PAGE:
Montserrat re-opens Old Towne as volcanic activity dies down

Montserrat Volcano

The Caribbean island of Montserrat has re-opened the popular area of Old Towne.

The Caribbean island of Montserrat has re-opened the popular area of Old Towne on its west coast following a decrease in volcanic activity. The area was temporarily evacuated in phases between January and February 2007.

The island’s Scientific Advisory Committee (SAC) has indicated that the risks in this area posed by the active Soufriere Hills Volcano have now been reduced.

The reopening of Old Towne is good news for Montserrat and for tourism, both economically and socially. The area contains around 60 properties, the majority of which are villas and many of which are used for holiday lettings. The extra room capacity provided by these villas will be essential in the run-up to Christmas, which is the busiest time of year on the island. Villa owners renting in other areas of Montserrat will also be permitted to return to their own homes. In addition, the easing of restrictions will also provide jobs once more to those who found themselves out of work in Old Towne when the area was off limits.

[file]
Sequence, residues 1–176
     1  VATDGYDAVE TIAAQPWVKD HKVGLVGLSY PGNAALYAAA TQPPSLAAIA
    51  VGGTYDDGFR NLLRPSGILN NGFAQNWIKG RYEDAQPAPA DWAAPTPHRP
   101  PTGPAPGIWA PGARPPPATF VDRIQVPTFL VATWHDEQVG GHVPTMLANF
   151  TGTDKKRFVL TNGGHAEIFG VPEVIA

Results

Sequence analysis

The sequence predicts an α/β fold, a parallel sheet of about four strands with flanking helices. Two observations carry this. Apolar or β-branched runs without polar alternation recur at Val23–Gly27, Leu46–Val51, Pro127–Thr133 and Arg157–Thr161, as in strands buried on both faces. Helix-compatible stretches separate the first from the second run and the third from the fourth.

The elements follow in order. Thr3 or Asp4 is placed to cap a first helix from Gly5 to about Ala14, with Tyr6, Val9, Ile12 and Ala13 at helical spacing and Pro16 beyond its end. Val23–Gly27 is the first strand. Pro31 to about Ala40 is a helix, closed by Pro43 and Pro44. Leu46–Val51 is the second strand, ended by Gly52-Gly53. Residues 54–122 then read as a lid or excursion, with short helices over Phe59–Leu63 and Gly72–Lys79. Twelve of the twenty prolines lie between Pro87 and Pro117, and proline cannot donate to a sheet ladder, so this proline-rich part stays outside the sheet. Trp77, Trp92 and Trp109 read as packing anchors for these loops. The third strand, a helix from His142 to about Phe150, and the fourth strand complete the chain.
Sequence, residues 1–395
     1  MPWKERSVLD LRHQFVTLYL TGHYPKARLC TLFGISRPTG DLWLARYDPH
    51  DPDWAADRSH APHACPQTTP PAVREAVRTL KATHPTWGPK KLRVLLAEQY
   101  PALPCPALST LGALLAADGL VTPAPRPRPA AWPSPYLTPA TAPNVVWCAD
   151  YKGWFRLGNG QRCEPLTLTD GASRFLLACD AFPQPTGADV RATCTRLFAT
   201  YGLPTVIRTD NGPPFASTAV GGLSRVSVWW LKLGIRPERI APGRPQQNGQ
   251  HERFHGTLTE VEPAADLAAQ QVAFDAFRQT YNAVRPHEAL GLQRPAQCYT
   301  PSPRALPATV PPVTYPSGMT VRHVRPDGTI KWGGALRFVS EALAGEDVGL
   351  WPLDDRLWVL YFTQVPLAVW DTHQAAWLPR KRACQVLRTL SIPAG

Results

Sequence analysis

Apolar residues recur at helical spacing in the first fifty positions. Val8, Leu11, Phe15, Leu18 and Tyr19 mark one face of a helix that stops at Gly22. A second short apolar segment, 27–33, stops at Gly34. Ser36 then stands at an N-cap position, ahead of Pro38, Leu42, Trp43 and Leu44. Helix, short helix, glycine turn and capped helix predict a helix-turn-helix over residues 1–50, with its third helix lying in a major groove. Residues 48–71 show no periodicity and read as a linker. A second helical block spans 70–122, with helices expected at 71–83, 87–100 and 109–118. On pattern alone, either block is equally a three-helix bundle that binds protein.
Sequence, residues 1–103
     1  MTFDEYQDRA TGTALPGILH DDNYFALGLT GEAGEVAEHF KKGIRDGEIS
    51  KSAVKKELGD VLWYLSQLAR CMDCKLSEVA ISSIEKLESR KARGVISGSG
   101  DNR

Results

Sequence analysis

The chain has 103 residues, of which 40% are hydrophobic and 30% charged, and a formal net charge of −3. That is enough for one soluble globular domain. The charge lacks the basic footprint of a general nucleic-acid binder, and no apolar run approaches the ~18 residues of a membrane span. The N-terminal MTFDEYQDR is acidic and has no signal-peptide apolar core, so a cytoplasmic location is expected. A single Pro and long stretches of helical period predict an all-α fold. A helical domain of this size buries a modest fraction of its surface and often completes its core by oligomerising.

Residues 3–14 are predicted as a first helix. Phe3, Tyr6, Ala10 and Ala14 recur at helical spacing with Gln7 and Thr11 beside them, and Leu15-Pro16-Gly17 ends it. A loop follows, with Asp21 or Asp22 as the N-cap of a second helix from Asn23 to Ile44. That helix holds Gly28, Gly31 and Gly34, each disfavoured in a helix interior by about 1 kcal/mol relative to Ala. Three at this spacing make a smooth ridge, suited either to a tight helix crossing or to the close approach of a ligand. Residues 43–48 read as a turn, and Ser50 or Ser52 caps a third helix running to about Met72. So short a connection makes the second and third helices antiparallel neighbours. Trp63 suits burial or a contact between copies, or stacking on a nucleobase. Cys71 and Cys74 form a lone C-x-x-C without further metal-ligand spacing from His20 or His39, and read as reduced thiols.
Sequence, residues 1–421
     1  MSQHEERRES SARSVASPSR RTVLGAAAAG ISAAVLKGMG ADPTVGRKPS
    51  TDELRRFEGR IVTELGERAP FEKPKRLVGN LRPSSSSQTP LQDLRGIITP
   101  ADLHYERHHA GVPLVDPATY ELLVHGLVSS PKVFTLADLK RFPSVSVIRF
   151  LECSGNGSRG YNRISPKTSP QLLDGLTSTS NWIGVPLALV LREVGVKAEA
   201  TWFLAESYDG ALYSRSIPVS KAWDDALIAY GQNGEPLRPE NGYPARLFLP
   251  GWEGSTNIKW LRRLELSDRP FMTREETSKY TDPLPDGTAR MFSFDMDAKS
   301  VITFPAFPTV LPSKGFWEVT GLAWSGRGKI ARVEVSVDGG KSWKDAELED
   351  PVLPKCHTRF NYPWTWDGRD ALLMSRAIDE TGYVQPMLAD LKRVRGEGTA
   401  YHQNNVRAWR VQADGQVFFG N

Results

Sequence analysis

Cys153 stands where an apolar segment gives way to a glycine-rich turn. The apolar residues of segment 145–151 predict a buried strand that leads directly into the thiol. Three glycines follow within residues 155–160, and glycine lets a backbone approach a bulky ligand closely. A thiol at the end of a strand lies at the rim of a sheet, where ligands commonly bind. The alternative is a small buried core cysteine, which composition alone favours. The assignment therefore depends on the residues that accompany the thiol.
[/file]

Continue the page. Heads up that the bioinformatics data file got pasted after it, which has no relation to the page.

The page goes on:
The island still operates an ‘exclusion zone’ covering the lower two thirds of Montserrat, beginning at the Belham River Valley, just south of Old Towne. It is illegal to enter this exclusion zone, which includes the island’s capital, Plymouth.

Although the risk has been reduced, the hazards from the volcanic dome remain and people will have to be prepared to move north at short notice if there should be an increase in volcanic activity or the threat of a storm or hurricane. The Vue Pointe Hotel, which is situated in Old Towne, will stay closed to guests until further notice.

The tiny Caribbean island of Montserrat has been suffering the consequences of a series of eruptions from its previously-dormant Soufriere Hills Volcano since it rumbled back into life in 1995. Many villages in the south were buried and transport to the island was cut off when an exclusion zone including the airport was enforced. In the late 1990s, two-thirds of the 12,000 residents left the island, although the population has grown again over the last few years.

By contrast, the north of the island remains lush, green and beautiful, offering spectacular scuba diving, nature hikes and a taste of the Caribbean ‘the way it used to be’, before the introduction of mass tourism.

For more information on Montserrat, please see